* Government doesn't publish oil price assumption in budget
* But finance minister indicates it's close to current
* Budget cuts oil price assumption for first time since 2009
* Disagreement over when oil will rebound - minister
By Andrew Torchia
DUBAI, Dec 28 Saudi Arabia's 2015 state budget
assumes an oil price close to current levels of around $60 a
barrel for Brent crude, a shift from past budgets which
were based on prices well below market levels, analysts say.
The kingdom doesn't reveal the oil prices which it uses to
calculate its annual budgets. So analysts estimate them, making
assumptions about several other variables such as planned oil
exports and production for the following year.
For the 2015 budget, announced on Thursday, four analysts'
oil price estimates are in a range of $55 to $63.
That does not mean Saudi Arabia necessarily expects such
prices next year -- Finance Minister Ibrahim Alassaf said on
Thursday there was a great difference of opinion over when
prices would start rebounding, with some people predicting the
second half of next year and others 2016.
Instead, the budgeted oil price is an accounting assumption
which the government uses to set a baseline for next year's
revenues. If Brent crude averages more than $60 next year, Saudi
oil revenues will probably be larger than projected; if Brent is
below $60, revenues will be smaller.
Oil prices have plunged almost 50 percent since June,
pressuring the finances of producer countries such as Saudi
Arabia, the world's largest oil exporter.
Its 2015 budget plan projects record spending of $229.3
billion, up 0.6 percent from the 2014 budget, while total
revenues are projected to drop to $190.7 billion -- leaving a
$38.6 billion deficit.
In past years, Saudi budgets commonly based their
calculations on oil prices far below current levels. For
example, the 2014 budget assumed an oil price below $70; when
the budget plan was announced, Brent crude was trading at $111.
In an interview with Al Arabiya television on Thursday,
Alassaf confirmed his ministry had departed from past practice
and assumed an average 2015 oil price close to current levels in
its latest budget.
"We were realistic in our estimates for next year's revenues
in light of current and expected developments in the oil market.
Maybe over the past years I agree we were conservative, but this
year we were realistic," he said.
Leading Saudi investment bank Jadwa Investment said the 2015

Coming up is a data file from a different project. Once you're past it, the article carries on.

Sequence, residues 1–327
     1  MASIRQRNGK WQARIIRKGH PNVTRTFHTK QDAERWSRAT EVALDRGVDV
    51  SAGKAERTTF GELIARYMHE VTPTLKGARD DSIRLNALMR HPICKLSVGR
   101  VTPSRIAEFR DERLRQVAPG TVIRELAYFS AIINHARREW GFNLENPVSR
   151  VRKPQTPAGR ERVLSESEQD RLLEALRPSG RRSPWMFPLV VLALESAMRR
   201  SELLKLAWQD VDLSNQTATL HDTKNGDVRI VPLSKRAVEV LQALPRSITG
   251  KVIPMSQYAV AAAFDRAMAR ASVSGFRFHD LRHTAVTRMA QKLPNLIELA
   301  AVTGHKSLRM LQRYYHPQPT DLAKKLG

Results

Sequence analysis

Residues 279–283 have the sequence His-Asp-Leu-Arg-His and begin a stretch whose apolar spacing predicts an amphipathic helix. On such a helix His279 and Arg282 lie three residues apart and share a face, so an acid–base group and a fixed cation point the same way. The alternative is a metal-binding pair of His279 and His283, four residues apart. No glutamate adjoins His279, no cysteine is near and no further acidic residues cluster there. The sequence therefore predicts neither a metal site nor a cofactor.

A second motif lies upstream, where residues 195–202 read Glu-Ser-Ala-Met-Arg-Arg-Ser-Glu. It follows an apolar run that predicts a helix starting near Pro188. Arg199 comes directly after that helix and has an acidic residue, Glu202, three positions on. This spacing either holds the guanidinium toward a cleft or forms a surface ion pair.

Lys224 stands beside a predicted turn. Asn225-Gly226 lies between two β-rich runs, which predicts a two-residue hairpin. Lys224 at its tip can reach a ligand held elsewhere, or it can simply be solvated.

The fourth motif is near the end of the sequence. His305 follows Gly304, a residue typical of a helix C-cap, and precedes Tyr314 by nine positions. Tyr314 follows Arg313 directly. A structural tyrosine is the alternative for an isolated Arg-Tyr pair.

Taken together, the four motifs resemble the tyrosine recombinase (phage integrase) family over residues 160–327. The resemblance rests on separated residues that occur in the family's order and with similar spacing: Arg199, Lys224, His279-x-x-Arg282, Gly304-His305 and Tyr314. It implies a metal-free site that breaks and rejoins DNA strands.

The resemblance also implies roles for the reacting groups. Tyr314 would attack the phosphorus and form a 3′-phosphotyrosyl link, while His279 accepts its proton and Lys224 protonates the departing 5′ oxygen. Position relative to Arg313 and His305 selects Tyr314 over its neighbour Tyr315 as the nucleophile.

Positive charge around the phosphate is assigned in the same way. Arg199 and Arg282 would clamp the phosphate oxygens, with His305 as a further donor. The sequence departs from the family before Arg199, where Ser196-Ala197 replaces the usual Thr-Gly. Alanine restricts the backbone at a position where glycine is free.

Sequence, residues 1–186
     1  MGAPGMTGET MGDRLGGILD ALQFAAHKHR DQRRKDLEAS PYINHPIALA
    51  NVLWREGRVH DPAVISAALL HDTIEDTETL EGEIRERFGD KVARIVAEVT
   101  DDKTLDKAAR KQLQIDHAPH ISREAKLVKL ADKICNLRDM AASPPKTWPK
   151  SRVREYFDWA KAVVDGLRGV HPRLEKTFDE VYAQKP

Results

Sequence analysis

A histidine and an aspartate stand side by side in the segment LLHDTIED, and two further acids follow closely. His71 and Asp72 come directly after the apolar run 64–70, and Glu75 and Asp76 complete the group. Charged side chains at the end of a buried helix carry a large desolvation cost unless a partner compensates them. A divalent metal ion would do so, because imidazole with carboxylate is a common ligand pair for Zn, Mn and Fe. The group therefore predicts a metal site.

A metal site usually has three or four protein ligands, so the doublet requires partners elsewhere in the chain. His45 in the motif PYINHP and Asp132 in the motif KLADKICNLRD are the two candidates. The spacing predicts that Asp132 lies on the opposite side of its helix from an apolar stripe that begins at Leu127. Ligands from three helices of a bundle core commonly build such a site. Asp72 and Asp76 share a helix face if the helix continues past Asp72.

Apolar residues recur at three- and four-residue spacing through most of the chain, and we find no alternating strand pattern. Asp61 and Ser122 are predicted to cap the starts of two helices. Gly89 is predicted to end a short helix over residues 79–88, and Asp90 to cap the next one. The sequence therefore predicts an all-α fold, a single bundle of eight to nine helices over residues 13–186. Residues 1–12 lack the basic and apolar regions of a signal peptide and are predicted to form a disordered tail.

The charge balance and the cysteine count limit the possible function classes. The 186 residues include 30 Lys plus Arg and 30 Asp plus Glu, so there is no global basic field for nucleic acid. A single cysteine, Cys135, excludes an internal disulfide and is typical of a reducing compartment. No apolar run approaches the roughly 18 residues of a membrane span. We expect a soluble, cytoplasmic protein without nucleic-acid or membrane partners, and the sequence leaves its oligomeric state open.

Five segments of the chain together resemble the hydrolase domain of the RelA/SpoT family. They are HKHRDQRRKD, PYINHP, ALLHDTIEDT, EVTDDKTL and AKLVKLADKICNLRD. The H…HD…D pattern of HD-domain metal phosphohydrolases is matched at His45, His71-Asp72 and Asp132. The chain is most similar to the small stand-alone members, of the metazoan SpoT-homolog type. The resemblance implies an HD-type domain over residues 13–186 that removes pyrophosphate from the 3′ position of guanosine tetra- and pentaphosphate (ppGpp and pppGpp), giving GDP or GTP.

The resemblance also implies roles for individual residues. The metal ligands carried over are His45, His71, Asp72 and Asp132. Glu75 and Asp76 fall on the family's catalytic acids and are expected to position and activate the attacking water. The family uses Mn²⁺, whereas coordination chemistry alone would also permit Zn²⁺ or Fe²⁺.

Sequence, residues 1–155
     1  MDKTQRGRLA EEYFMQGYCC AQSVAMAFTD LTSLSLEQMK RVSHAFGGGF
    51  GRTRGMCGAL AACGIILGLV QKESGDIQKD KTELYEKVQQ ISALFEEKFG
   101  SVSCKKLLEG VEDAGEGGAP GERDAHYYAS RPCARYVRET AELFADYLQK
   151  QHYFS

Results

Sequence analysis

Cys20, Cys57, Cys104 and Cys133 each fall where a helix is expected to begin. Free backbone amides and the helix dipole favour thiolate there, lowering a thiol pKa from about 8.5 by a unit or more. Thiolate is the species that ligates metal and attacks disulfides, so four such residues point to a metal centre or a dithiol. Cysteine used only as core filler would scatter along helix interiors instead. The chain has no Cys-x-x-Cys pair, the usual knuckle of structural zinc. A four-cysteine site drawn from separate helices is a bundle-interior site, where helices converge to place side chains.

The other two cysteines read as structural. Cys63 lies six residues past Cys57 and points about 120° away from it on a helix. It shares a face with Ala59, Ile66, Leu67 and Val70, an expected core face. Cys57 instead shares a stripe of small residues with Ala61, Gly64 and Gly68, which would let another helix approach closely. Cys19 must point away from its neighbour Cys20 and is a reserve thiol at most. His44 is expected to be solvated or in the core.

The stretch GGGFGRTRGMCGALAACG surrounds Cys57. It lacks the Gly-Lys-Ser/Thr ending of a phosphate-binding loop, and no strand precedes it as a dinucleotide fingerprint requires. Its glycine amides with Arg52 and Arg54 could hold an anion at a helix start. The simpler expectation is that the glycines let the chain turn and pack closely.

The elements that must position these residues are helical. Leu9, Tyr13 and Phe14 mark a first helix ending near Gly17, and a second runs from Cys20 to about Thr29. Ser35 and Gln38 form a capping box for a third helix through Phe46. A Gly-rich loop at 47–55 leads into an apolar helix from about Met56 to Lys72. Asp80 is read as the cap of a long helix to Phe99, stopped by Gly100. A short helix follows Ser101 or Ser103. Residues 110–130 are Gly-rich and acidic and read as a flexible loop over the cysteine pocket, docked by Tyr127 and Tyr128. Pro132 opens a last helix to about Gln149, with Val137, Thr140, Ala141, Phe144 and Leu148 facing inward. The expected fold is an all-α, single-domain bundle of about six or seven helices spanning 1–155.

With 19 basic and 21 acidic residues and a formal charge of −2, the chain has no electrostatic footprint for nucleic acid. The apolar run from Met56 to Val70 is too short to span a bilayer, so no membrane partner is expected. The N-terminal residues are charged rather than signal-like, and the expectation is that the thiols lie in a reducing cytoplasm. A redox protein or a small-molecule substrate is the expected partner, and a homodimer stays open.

budget was consistent with an average Saudi export crude price
of $56 a barrel next year, equivalent to a Brent crude price of
roughly $60, and oil production at 9.6 million barrels per day
(bpd), in line with the current level.
Analysts at National Commercial Bank (NCB), the kingdom's
biggest bank, made a slightly different calculation, saying they
believed the budget was based on a Saudi oil price of $61.
The oil price assumption in Saudi Arabia's budget was
reduced for the first time since 2009, both Jadwa and NCB said.
Monica Malik, chief economist at Abu Dhabi Commercial Bank,
said the budget seemed to be assuming a Saudi oil price of $55
and output at 9.5 million bpd. Emad Mostaque, strategist at
Ecstrat, an emerging markets consultancy, estimated $63.
Mostaque noted that non-oil revenues this year were $30.7
billion; assuming the same amount next year implies the
government projects oil revenues of $160 billion in 2015, or
$438 million a day.
Saudi Arabia heavily subsidises its domestic fuel sales so
Mostaque based his oil revenue assumptions on crude exports,
which he thinks will be equivalent to 6.9 million bpd next year,
in line with current exports. While actual exports may drop next
year, this would be offset by higher revenues from new Saudi
refinery operations that have just come on line.
Dividing daily exports into revenues gives an oil price
assumption of $63. (here)
Jadwa's oil price estimate is lower partly because it
assumes non-oil revenues -- mainly fees for government services
and customs tariffs -- will increase next year in line with a
strong economy, so less of the government's total revenue
projection will come from oil.
(Editing by Mark Potter)